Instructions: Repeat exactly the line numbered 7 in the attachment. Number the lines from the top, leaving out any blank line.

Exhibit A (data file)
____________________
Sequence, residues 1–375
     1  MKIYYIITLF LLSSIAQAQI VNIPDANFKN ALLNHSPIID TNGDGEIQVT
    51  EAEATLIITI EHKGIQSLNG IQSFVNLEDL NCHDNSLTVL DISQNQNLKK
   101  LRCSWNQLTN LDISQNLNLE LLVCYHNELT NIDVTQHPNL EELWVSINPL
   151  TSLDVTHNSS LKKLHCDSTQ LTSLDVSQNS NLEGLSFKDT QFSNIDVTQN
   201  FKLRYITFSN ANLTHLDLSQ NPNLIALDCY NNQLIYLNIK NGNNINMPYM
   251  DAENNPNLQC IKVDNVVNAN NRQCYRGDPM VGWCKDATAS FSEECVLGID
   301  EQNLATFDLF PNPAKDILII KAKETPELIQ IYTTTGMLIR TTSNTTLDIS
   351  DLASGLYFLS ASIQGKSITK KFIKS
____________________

   251  DAENNPNLQC IKVDNVVNAN NRQCYRGDPM VGWCKDATAS FSEECVLGID